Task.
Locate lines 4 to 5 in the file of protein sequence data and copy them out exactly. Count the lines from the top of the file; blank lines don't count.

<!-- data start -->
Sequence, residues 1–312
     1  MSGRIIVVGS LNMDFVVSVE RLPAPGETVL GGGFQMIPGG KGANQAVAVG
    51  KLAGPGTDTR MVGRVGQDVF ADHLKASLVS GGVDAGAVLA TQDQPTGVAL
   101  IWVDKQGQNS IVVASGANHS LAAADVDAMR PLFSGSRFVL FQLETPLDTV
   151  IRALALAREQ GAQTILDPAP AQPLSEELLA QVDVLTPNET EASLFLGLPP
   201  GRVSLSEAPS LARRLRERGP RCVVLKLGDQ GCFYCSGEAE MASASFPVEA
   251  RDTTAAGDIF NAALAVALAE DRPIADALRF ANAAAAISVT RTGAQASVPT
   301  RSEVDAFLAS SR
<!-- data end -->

   101  IWVDKQGQNS IVVASGANHS LAAADVDAMR PLFSGSRFVL FQLETPLDTV
   151  IRALALAREQ GAQTILDPAP AQPLSEELLA QVDVLTPNET EASLFLGLPP